If you are lucky enough to live in slightly warmer areas with less snow cover, you can harvest your turnips, carrots, and parsnips and probably even beets way late into the season, and possibly all winter, just by knowing how. My uncle used to never harvest his rutabegas (all he grew for turnips) until late October and one year into December by simply placing planks down the rows, and letting the snow cover them, then digging them as he had time and storage space. He said turnips just didn't taste right if you picked them before frost! And I agree, the stuff you get in stores now, simply isn't good stuff, even the organic stuff which starts out much better, isn't exactly fresh after a 1500 mile journey from California, Mexico or Florida to Northern BC.

ehanner's picture
ehanner

I hadn't seen the charts for the DC area. You are right that's not cold. However, places like Atlanta and anywhere on the East half of the US has more snow cover than we do in Wisconsin at the moment.


Sam has a plastic tent that moderates the cold and lets the sun in. I'm hoping he will chime in here.


EvaB, you live in Zone 1 on my chart. The only living things in the winter are black flies:>)


Eric

EvaB's picture
EvaB

Your zone chart must be American (:)) The Canada Agriculture charts show us as zone 2 to 2b depending ont he micro climate. For instance its +4 F here today, -18C and its usually a bit warmer, we have about 12-14 inches of snow (don't ask me what that is in metric, I don't have a chart set up for that) and my Grammy who was from Missouri grew all sorts of things that shouldn't have grown here, and she didn't have no tents or greenhouses. My aunt used to grow canteloupe in her greenhouse in summer, and my uncle grew cukes and corn and squash on the ranch they had, it just depends on where you are what the zone is. But 1 is still a great ways further north.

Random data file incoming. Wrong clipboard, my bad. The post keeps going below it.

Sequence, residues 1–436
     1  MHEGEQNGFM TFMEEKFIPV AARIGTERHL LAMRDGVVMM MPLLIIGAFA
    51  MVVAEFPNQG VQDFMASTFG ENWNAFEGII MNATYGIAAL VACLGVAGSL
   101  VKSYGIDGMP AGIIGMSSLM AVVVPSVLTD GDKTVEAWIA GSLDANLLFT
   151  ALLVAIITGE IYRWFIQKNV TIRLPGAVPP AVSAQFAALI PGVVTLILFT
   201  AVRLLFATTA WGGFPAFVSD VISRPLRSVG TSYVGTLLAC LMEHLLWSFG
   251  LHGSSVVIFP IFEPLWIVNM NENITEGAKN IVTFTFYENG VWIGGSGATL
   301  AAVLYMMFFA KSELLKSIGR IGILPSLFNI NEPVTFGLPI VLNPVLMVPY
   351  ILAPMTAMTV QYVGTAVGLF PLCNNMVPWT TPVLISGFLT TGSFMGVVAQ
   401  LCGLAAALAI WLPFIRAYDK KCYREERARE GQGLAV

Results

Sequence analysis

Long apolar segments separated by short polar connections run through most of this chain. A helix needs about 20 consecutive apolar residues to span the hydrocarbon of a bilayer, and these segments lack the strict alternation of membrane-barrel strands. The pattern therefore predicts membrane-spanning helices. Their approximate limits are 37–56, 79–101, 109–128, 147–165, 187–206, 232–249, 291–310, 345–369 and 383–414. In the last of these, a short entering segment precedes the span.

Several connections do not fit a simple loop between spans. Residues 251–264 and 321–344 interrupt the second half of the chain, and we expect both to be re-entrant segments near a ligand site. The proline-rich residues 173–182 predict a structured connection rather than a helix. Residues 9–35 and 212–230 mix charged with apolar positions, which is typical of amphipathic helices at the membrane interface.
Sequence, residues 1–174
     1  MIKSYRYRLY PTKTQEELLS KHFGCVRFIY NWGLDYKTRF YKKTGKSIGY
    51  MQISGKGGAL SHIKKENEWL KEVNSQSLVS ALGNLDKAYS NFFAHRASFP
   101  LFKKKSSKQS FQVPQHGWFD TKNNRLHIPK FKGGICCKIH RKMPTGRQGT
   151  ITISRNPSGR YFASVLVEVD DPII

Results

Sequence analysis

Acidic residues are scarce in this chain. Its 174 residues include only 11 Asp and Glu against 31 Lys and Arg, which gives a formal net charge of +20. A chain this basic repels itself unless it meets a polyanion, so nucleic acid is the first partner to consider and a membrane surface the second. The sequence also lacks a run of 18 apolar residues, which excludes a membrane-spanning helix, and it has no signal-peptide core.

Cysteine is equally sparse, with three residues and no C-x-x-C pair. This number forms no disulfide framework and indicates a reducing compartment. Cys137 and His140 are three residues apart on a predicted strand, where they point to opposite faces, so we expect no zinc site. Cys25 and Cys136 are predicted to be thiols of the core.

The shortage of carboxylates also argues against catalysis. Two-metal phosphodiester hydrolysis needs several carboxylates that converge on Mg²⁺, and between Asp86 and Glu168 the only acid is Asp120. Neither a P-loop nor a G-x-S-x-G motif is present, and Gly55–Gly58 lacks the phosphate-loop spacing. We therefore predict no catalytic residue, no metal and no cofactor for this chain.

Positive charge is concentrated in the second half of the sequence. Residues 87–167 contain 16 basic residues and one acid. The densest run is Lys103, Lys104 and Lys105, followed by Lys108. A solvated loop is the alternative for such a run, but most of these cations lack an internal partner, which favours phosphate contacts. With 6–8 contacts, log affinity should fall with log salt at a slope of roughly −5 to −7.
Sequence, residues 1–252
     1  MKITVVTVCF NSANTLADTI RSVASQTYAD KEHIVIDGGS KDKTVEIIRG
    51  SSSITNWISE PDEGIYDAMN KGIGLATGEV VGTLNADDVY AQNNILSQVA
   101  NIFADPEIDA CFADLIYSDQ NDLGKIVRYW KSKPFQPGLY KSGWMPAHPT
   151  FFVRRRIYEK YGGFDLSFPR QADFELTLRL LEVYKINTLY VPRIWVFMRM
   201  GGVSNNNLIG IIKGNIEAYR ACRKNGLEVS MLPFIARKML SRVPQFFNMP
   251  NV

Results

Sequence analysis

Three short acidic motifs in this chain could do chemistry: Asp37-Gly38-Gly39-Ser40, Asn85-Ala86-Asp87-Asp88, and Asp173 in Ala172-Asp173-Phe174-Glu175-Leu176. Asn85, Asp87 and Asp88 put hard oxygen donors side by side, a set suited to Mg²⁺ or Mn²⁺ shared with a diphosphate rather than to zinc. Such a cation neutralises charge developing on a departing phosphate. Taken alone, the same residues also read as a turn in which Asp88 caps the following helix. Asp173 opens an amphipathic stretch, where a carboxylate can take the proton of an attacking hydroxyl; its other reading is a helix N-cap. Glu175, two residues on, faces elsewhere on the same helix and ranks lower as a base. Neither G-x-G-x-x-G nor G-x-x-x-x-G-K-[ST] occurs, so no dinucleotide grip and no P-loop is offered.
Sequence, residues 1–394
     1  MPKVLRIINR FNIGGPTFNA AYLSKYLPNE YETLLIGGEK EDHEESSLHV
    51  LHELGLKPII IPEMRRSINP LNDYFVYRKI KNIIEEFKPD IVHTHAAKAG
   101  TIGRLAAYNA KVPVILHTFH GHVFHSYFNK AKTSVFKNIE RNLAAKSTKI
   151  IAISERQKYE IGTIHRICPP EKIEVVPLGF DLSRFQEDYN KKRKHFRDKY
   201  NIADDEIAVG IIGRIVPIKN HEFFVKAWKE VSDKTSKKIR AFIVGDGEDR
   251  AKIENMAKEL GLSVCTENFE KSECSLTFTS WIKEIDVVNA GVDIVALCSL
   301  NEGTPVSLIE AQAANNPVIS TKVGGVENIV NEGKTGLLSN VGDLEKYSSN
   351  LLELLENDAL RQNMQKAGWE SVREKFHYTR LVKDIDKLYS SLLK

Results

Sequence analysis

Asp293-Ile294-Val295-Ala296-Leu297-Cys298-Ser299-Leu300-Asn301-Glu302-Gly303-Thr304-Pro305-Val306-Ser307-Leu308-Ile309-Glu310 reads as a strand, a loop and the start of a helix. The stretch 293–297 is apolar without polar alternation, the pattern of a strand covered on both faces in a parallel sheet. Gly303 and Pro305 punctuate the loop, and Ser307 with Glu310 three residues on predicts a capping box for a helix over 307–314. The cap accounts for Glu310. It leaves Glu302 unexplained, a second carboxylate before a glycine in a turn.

My mother was in Whitehorse in the late 1940's which is a lot further north than here, and she said they had great gardens where they had soil. It having been glaciated there wasn't a lot of soil, so river bottoms were the best for gardening. She said they had cabbages in the gardens, in June that were a foot across and she wasn't given to exagerating. She also said the Native kids played all day and all night (24 hour light) and fell asleep where ever they were and napped and got up and played more.


They put in a dam on the Peace river years ago, and said it wouldn't change the weather, well they were actually wrong, its a huge lake, and it has made a difference in weather patterns around the area, so it sort of depends on where you are what zone is acceptable, we've even had some zone 3 plants do ok here, some won't survive, and some take right off.

Sam Fromartz's picture
Sam Fromartz

Well, it's about 30F today and there is snow on the ground. No, it isn't that cold, but things do stop growing. Last year, however, I had lettuce under 30 inches of snow and it came up just fine in March.


This year the lettuce and spinach are under plastic, but they have stopped growing. Not died or turned brown, just stopped. So I will still have to wait until early March to pick them. I look forward to that because in six years of gardening I have never grown a decent spinach crop. In the spring it bolts too fast. In the late summer, it's too hot to germinate and then if it does, gets stunted by the cold. 


Eric, thanks for the shout out about the book. I wrote it what seems long ago (2006 published) but it still resonates. My next book on bread baking will be somewhat different and more personal.